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Forums - Gaming Discussion - What if google stadia were to fail?

Having to pay for new games will destroy stadia anyway in regards to people like us, but then again stadia is for the casual mobile gamers.



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JWeinCom said:
Darwinianevolution said:

 Take myself for instance.  Would I rather get a new piece of hardware?  Yeah sure.  But I just started law school, and discretionary money is incredibly limited.  If there are next-gen exclusives that I'd want to play, I'm far more likely to buy it on Stadia.  The money is way more important to me than potential quality issues. I'm sure I'm not the only one with financial concerns that would make buying a new system an issue.

Another obvious market is those between 9 and 18 who are not working.  Next gen hits and there are some exclusives you want to play.  Convincing your parents to buy you a new system and a new game for 500+ dollars is going to be a lot harder than convincing them to buy a new game for 60 and potentially a controller for 70.

There are a lot of people who like games but for whom 4-500 dollars in their pocket will be more important than potential quality issues.  If you can't think of any people like that, then the problem is with your imagination.

An average local electronics store will have the option to purchase any console on monthly payments under finance schemes. People can also, you know, save money for upcoming or released products they're interested in, as they always have done. No one was ever forced to shell out medicine money to buy gaming hardware or software.

You might feel like it is a rational cheaper option, however the same was true for OnLive. Or buying a graphics card, slapping it to an average PC and pirating games to hell and back. But people don't buy things rationally and if anyone knew precisely what leads a product to succeed or fail, we wouldn't have flops left and right in any industry. Google itself has a gigantic pile of these lying in their trash bin.



 

 

 

 

 

Random_Matt said:
Having to pay for new games will destroy stadia anyway in regards to people like us, but then again stadia is for the casual mobile gamers.

I find that to be the biggest question to date.  While it has been confirmed that games require being purchased, what hasn't been announced (at least to my knowledge) is pricing.  If games are full priced (meaning $60) then my interest in Stadia is dead.  But if pricing is reduced a good deal, that opens up additional discussion points.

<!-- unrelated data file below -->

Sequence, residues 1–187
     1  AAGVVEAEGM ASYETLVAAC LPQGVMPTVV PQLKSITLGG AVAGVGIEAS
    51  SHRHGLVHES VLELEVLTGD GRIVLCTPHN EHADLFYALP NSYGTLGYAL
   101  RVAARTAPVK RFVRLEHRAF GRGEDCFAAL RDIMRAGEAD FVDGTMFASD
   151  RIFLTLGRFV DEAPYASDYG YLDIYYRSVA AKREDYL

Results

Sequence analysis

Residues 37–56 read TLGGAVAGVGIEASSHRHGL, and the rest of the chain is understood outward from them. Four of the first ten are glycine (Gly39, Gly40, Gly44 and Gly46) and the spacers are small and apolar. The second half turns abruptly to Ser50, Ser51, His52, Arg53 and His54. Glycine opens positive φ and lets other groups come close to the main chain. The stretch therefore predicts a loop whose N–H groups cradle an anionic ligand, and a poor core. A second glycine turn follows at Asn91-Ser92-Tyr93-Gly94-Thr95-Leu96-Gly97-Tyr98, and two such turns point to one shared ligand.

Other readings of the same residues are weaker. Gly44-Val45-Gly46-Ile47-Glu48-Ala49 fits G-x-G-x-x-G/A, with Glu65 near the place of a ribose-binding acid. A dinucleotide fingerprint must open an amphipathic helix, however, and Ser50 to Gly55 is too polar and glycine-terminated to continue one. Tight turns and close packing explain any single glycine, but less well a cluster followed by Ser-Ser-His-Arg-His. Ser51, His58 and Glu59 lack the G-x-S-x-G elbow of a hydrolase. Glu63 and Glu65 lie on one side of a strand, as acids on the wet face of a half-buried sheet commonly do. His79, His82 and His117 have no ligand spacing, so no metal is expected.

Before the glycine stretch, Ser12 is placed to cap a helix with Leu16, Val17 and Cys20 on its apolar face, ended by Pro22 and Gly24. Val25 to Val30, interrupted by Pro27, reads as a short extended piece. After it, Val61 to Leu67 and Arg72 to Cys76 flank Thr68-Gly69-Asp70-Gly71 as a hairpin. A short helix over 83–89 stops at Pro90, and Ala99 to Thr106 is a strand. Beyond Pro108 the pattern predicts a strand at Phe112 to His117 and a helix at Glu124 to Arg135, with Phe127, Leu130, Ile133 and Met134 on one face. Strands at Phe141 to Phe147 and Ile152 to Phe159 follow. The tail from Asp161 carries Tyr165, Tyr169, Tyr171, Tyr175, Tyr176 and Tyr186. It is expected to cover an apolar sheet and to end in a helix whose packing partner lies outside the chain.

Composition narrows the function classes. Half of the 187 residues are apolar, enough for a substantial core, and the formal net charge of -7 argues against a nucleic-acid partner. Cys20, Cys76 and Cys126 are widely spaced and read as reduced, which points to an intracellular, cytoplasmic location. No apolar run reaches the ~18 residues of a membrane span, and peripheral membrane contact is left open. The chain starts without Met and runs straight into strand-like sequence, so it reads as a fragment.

When it comes to gaming I tend to think Google is a lot like Microsoft.  The original XBox was essentially a flop.  It lost Microsoft a lot of money.  Did they give up?  Nope, they are still at it to this day.  In fact they plan to launch another console next year in spite of losing money over and over again.  This is because Microsoft has deep pockets, and the money they lose from gaming is small potatoes compared to their core business.  Initially Microsoft got into gaming to protect their core business from Sony.  (Sony was talking about putting a computer in the living room, and that is what the PS3 originally was.)  But if you look at what Microsoft is doing lately with xCloud, Gamepass, etc..., then you can see that they are really gearing up to fight Google.

Likewise Google has extremely deep pockets too.  Any profits or losses that come from Stadia will be small potatoes compared to their core business, but like Microsoft, I don't think they plan to give up easily.  This is because what Google and Microsoft are really doing is fighting over control of the whole internet.  They simply see gaming as one potential battlefield.  Considering that Apple has just launched Apple Arcade, you can count them in this too.  Apple may have a very different approach, but all 3 companies are basically doing the same thing: fighting with each other over the fate of the internet.  They all want to be top dog, and they just see gaming as one battlefield.

Sony and Nintendo, they actually care about the profits or losses they sustain from gaming.  But if you look at these big IT companies, Google, Microsoft, and Apple, they are fighting over bigger stakes, so they aren't going to leave gaming easily even if their services fail at first.



Chrkeller said:
Random_Matt said:
Having to pay for new games will destroy stadia anyway in regards to people like us, but then again stadia is for the casual mobile gamers.

I find that to be the biggest question to date.  While it has been confirmed that games require being purchased, what hasn't been announced (at least to my knowledge) is pricing.  If games are full priced (meaning $60) then my interest in Stadia is dead.  But if pricing is reduced a good deal, that opens up additional discussion points.  

https://www.techradar.com/news/google-stadia-games-will-cost-the-same-as-full-price-console-titles-even-if-theyre-only-streamed